Safety Management Systems Performance Evaluation

Analysis of unsuccessful safety programs indicates that they have the following three common denominators:

  1. A lack of understanding of the accident/loss problem even when at times it is potentially severe enough to cripple the enterprise. There is a tendency to rationalize the problem and ignore it. The people think that they have no problem to solve; therefore, no action is taken against it.

  2. A lack of objectivity and planning as to what must be done about the problem when it is recognized because the risk is miscalculated.

  3. A lack of leadership and adequate coordination to implement an available safety program designed to control recognized problems.

Of these three common denominators, the third one (lack of leadership and coordination) has proven to be the most important. When strong safety leadership and coordination are provided, the other problems are overcome and accident/loss experience improves.

Safety Management Systems Performance: What are the problems?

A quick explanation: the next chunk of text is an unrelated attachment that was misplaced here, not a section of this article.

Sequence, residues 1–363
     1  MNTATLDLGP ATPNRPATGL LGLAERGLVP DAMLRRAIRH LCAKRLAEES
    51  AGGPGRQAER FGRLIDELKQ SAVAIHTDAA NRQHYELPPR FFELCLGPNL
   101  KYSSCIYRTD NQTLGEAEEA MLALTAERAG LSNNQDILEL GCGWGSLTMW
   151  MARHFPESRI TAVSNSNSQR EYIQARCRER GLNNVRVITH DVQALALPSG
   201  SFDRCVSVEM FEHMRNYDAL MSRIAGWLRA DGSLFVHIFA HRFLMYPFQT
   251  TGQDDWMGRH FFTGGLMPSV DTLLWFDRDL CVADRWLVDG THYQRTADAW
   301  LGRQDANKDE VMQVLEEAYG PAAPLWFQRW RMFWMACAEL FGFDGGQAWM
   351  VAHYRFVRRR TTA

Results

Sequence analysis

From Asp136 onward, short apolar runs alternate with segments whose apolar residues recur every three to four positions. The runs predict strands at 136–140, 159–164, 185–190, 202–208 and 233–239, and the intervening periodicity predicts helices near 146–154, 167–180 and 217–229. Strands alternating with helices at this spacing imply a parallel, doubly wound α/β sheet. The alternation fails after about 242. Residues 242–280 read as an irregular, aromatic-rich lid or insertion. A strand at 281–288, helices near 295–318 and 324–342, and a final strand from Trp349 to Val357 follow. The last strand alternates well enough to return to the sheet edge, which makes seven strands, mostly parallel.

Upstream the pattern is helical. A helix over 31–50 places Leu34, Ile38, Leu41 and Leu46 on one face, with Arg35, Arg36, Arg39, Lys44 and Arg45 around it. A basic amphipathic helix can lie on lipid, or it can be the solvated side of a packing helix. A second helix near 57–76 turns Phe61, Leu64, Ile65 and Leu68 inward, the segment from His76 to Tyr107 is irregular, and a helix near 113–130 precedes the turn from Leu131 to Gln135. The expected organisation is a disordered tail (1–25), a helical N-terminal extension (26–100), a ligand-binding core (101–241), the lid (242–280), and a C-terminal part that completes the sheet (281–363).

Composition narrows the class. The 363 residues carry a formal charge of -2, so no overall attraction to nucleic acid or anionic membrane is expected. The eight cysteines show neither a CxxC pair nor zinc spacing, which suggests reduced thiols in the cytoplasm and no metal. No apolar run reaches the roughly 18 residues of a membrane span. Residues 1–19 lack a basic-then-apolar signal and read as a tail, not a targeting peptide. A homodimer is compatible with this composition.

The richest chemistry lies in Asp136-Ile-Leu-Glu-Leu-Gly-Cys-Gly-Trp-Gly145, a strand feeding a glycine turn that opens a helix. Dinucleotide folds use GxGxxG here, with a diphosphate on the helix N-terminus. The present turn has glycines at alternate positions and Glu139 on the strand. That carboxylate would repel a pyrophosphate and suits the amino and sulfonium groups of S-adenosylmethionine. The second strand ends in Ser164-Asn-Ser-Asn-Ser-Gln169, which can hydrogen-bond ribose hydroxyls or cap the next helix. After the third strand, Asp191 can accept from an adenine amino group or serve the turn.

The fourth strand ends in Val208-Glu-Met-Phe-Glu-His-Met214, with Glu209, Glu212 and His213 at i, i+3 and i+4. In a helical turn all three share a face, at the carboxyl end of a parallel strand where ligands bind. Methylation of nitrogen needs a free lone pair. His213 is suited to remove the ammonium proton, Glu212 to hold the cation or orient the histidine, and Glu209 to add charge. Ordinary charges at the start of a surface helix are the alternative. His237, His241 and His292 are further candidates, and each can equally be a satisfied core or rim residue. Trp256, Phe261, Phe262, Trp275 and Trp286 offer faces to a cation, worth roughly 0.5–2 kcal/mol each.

Business management, reacting to legislative, insurance and other pressures has traditionally measured safety performance by their results in terms of injury experience and related costs. While this is indeed one form of measurement, it is a crude one at best, because the points of measurement are the symptoms of undefined failures in the safety management systems.

Ten common problems with non-implementation of safety management systems by first line supervision and management levels above the first line are that they:

  1. Don't look for existing or potential hazards

  2. See a hazard and accept it as is

  3. Don't recognize the hazard

  4. Underestimate the risk of a recognized hazard

  5. Don't systematically inspect all areas of the workplace for hazards

  6. Don't have written safety procedures (Job Hazard Analysis) for jobs having high risk potential hazards

  7. Do develop procedures/JHAs but they only deal in generalities and are not specific

  8. Don't systematically investigate accidents and incidents to identify their source and/or cause.

  9. Don't systematically follow through to ensure control actions are completed

  10. Don't analyze hazards to identify the indirect factors WHY they exist.

Primary Elements of an Effective Safety Management Program

It is beyond the scope of this presentation to consider every possible element of an effective safety management systems and how they can be measured. It goes without saying that sound management principles such as setting goals, standards and measurements should be applied to the total safety and health effort.

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